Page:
The soundtrack is perfect for the movie and the imagery is haunting and beautiful. This film also heavily influenced Ted Geoghegan’s We Are Still Here. In fact Ted made an entire thread on Twitter on how it influenced him. If you have somehow managed to not see The House By The Cemetery yet, you should check it out. It’s pretty crazy. 

The Burning (1981)

Back in the days of VHS rental, The Burning was my holy grail. That’s because its effects were featured in Tom Savini’s book Grande Illusions, his how-to guide to creating the gore he’d so expertly brought to the screen. Like any good little gorehound, I had an autographed, dog-earned, karo-syrup sticky copy (I still have it, barely held together and hidden away in my library) that I paged through nearly every day, wishing I could see The Burning, a movie that had to be completely and utterly awesome.

I built this movie up to the kind of hype that today’s always-on social media Hollywood can only dream of, so it could only be a letdown. And I’m sorry to say that every few years, I try and go back to this movie in the hopes that this will be the viewing that makes me fall in love with the actual film. It’s never really happened. I’m not alone in this — my wife has watched the 2018 Halloween in the double digits, hoping she’ll find the same love for it that she has even for the fifth and sixth installments.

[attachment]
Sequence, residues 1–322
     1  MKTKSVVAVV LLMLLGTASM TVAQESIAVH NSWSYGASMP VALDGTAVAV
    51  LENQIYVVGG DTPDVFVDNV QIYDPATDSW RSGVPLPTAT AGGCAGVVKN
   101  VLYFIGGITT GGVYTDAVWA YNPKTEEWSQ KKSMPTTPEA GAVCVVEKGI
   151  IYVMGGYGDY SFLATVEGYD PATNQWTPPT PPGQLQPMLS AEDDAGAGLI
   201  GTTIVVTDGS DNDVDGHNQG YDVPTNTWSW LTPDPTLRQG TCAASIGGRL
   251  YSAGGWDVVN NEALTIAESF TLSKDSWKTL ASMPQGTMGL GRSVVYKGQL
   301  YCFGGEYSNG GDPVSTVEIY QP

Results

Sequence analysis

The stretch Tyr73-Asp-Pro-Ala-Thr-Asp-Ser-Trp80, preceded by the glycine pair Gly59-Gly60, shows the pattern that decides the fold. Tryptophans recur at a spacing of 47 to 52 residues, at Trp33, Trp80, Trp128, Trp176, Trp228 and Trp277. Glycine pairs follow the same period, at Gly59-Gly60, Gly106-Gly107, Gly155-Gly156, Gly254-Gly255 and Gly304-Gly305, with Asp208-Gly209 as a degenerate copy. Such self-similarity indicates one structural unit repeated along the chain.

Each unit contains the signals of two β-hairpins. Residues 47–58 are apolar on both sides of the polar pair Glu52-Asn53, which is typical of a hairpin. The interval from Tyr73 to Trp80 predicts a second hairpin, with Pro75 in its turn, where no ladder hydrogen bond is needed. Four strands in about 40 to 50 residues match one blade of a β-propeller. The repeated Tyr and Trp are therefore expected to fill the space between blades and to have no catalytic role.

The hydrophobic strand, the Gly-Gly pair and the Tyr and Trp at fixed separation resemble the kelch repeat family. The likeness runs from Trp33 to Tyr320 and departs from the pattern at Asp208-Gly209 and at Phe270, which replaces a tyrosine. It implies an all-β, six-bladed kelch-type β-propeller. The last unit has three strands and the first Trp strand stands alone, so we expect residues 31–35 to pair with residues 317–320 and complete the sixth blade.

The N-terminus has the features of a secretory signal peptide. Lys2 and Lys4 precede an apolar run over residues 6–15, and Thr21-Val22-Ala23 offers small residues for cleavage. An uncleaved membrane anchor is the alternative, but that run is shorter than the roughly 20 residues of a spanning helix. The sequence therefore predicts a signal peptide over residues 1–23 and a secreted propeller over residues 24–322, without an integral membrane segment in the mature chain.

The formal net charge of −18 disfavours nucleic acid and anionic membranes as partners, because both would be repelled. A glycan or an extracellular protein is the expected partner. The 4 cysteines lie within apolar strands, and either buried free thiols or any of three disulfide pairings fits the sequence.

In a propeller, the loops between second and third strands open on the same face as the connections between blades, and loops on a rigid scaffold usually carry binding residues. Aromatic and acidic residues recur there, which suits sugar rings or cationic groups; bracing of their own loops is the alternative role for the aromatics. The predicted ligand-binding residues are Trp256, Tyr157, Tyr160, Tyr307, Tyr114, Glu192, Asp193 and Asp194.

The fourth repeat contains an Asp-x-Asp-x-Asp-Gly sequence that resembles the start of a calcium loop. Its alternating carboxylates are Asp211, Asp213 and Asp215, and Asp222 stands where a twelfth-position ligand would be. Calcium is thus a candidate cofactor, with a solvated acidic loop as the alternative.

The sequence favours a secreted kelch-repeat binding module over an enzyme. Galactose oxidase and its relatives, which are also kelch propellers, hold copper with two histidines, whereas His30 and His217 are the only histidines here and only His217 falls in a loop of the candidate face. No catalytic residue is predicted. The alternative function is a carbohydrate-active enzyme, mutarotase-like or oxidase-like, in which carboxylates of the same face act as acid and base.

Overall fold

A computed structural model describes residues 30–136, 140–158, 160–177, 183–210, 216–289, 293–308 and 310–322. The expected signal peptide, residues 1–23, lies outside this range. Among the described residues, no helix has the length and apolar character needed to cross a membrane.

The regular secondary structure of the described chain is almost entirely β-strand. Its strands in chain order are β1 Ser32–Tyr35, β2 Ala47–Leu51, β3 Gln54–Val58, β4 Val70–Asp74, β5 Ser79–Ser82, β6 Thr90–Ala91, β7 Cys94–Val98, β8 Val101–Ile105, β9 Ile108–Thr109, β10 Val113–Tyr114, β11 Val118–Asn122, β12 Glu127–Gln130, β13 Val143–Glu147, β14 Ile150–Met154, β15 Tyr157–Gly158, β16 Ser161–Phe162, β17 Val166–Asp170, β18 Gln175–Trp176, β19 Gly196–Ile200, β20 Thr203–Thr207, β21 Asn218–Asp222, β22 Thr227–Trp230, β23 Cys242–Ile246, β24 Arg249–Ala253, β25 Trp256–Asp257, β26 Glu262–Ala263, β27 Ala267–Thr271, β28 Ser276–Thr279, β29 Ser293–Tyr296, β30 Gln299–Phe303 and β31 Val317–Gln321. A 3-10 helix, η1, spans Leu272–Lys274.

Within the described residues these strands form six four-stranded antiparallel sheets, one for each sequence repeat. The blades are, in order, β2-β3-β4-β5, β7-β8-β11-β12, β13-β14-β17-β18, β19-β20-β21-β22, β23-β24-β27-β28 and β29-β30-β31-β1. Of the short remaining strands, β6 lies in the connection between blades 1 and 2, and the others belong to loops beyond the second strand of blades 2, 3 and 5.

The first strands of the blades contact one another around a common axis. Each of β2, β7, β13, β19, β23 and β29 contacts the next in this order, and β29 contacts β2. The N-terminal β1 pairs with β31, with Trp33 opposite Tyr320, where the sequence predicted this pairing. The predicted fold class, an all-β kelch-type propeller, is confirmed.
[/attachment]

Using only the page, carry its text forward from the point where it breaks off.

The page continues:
Other than the Savini effects, which live up to every bit of their promise on the black and white pages of his aforementioned book, The Burning is probably most notable for its translation of the Cropsey mythos and for featuring early appearances of Fisher Stevens (Short Circuit and Eugene “The Plague” Belford from Hackers), Jason Alexander (Seinfeld) and Holly Hunter (who went on to become an accomplished Academy Award-winning actress in Coen Brothers movies like Blood Simple and Raising Arizona).

The film comes from people who would go on to become Hollywood power players. The screenplay was written by Bob Weinstein (along with Peter Lawrence, who would write for the cartoons Silverhawks and Thundercats), working from a story by producer Harvey Weinstein (yes, the very same), Tony Maylam (who also directed) and Brad Grey (who would go on to be the chairman and CEO for Paramount).

It all came about because Harvey was looking for some way, any way to break into movies. Along with his producing partner Michael Cohl, he knew that low budget horror was a great way to do that. Swapping old horror stories, Weinstein brought the legend of Cropsey that he had heard while camping as a teenager in upstate New York and they kicked off production in 1979 with a five-page treatment called The Cropsey Maniac that predated Friday the 13th. There must have been something in the water in 1980, as while both of these films were in their various stages of production, Joseph Ellison was finishing a film he wanted to call The Burning, yet retitled to be Don’t Go in the House.  Keep in mind that this was the very start of the slasher boom, before films began self-referencing one another to death. It’s just that the archetype of young campers being menaced by a maniac was, believe it or not, an untapped well at one point in time.